The depression began with a fairly normal recession in 1929 but, in 1930, it developed into a banking crisis. The number of banks halved in three years, in many cases due to bank runs. These happen when people who have deposited money in a bank become worried about the bank’s survival, and so rush to withdraw their savings. If enough people do this simultaneously, the bank’s reserves cannot cover all the withdrawals and it will be forced to conduct a fire sale of assets at potentially huge losses. Ultimately, this may drive the bank into bankruptcy.
The fear of more bank runs led to falling deposits in the remaining banks, and many banks were afraid to grant new loans. Instead, deposits were invested in assets that could be sold quickly in case depositors suddenly wanted to withdraw their money. These problems with obtaining bank loans made it difficult for businesses to finance their investments, as well as huge financial hardship for farmers and ordinary households. The result was the worst global recession in modern history.
Prior to Bernanke’s study, the general perception was that the banking crisis was a consequence of a declining economy, rather than a cause of it. Instead, Bernanke established that bank collapses were decisive for the recession developing into deep and prolonged depression. Once a bank goes bankrupt, the relationship between the bank and its borrowers is cut; this relationship contains knowledge capital that is necessary for the bank to manage its lending efficiently. The bank knows its borrowers, it has detailed information about what borrowers have used the money for and what requirements are needed to ensure the loan will be repaid. Building up such knowledge capital takes a long while, and it cannot simply be transferred to other lenders when a bank fails. Repairing a failed banking system can therefore take many years, during which time the economy functions very poorly. Bernanke demonstrated that the economy did not start to recover until the state finally implemented powerful measures to prevent additional bank panics.
Why are banks necessary?
To understand why a banking crisis can have such enormous consequences for society, we need to know what banks actually do: they receive money from people making deposits and channel it to borrowers. This financial intermediation is far from a simple mechanical transfer, because there are fundamental conflicts between the needs of savers and investors. Someone who takes out a loan to finance a home or a long-term investment must know that the lender will not suddenly demand their money back. On the other hand, a saver wants to have at least some of their savings instantly available for unexpected outlays.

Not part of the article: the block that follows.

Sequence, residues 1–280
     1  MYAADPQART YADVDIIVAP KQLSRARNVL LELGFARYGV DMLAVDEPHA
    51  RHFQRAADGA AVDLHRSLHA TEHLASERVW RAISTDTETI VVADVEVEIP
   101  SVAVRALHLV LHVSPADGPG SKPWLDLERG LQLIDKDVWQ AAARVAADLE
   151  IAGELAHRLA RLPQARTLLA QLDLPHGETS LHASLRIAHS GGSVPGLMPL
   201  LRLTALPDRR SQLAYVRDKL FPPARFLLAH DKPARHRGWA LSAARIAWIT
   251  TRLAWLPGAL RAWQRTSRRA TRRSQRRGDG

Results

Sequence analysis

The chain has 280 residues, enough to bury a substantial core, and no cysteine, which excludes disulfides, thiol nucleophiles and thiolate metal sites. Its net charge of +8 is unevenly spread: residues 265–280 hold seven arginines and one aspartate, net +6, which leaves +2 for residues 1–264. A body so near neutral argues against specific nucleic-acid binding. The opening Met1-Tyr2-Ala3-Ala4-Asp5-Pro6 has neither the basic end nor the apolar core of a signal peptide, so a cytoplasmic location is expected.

Society must somehow resolve these conflicts. If companies or households can be forced to repay their loans at any time, long-term investments become impossible. This would have devastating consequences. The economy cannot function without a financial system that creates enough readily accessible and secure means of payment. Imagine what would happen if you had to pay for your supermarket purchases with a claim on part of your house every time you went shopping.
Diamond and Dybvig’s model
Douglas Diamond and Philip Dybvig showed that the problems we have described can best be solved by institutions that are constructed exactly like banks. In an article from 1983, Diamond and Dybvig develop a theoretical model that explains how banks create liquidity for savers, while borrowers can access long-term financing. Despite this model being relatively simple, it captures the central mechanisms of banking – why it works, but also how the system is inherently vulnerable and thus needs regulation.
The model in the article is based upon households saving some of their income, as well as needing to be able to withdraw their money when they wish. No one knows in advance whether and when the need for money will arise, but this does not happen at the same time for every household. Meanwhile, there are investment projects that need financing. These projects are profitable in the longterm, but if they are terminated early, the returns will be very low.
In an economy without banks, the households must make direct investments in these projects. Households that need money at short notice will be forced to terminate the projects early, and will consequently experience very poor returns, with only a small amount of money available for consumption. On the other hand, households that do not need to terminate projects early will enjoy good returns and higher consumption. In such a situation, households will demand a solution that allows them to instantly access their money without this leading to very low returns. Because this solution will be valuable, they will be prepared to accept somewhat lower long-term returns.